Traditional forms of clinical pedagogy include post-observation feedback and side-by-side coaching. The purpose of this pilot study was to evaluate a newer strategy, bug-in-ear technology (BIET), in which clinical supervisors provide live feedback through a discrete earpiece. BIET has the potential to overcome limitations associated with traditional clinical pedagogy. This pilot study compared side-by-side coaching to BIET coaching, using standardized patients in an on-campus audiology clinic. In this study, first-year Au.D. students conducted a case history assessment for two standardized patients. Likert-response ratings and qualitative data from open-set questions indicated BIET coaching was well received by supervisors because it provided a discrete way to deliver quick, live feedback to students. Although supervisor ratings of BIET were slightly more positive than student ratings, comments from both students and supervisors indicated they could see BIET coaching working well in the future, with modifications. Likert-response items indicated student preference for BIET was associated with feelings of confidence and desire to use BIET. More research is needed to examine ways in which BIET coaching can be operationalized to support audiology clinical education.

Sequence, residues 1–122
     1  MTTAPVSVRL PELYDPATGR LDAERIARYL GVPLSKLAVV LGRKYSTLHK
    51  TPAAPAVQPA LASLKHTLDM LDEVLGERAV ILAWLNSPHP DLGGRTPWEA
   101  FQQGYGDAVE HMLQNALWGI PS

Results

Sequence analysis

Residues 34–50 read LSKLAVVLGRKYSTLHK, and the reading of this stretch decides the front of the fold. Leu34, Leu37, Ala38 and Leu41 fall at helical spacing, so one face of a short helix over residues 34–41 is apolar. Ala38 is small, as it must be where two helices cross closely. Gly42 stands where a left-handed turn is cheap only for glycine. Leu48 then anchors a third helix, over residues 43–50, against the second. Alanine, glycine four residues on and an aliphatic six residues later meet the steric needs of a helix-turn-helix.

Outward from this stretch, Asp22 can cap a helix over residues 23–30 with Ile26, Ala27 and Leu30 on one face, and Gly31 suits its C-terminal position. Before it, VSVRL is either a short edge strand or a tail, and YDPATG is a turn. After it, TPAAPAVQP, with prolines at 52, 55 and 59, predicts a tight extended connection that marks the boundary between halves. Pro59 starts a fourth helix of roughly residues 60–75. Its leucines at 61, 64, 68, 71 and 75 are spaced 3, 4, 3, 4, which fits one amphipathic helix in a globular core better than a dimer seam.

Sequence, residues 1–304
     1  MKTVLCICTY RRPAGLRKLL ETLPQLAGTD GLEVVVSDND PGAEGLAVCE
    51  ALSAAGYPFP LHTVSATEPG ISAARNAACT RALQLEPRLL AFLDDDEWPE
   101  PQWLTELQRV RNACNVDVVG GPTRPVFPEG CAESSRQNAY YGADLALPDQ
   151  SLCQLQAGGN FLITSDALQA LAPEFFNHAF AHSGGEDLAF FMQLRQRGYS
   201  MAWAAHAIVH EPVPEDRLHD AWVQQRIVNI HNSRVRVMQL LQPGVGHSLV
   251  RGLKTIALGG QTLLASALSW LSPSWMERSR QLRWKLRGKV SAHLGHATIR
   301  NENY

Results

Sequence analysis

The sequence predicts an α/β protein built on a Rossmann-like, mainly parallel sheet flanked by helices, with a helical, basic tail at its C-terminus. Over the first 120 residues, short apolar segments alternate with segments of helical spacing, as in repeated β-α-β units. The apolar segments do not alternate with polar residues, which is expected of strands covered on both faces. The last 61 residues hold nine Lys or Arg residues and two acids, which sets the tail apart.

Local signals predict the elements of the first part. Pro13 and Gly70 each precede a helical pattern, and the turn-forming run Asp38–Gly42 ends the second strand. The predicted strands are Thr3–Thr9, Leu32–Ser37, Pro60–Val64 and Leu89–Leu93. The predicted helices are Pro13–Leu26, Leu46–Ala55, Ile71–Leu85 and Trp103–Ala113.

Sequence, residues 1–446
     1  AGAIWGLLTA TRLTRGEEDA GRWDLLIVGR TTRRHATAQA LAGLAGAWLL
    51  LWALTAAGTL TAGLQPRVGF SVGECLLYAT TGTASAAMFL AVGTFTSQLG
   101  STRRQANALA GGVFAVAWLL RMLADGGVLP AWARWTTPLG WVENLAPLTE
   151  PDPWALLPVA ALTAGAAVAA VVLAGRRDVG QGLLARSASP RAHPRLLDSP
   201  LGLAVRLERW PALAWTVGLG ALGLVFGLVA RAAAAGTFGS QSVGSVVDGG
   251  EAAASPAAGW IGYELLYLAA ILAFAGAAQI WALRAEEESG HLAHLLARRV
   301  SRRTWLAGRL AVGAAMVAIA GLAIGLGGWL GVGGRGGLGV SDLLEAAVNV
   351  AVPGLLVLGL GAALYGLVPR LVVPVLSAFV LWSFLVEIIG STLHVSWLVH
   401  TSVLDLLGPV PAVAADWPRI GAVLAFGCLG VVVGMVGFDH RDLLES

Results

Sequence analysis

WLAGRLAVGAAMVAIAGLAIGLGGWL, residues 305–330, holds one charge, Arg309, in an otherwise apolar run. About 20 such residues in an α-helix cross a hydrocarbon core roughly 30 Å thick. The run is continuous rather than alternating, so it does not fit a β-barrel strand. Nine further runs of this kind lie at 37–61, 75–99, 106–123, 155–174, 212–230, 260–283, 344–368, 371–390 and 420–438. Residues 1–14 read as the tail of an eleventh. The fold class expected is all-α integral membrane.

Ventura, Teffany R.; Emanuel, Diana C.; Hildebrand, Emily; and Kozlowski, Amanda
"Bug-in-Ear Technology as a Clinical Teaching Tool for Au.D. Education: A Pilot Study,"
Teaching and Learning in Communication Sciences & Disorders: Vol. 6:
3, Article 7.
Available at: https://ir.library.illinoisstate.edu/tlcsd/vol6/iss3/7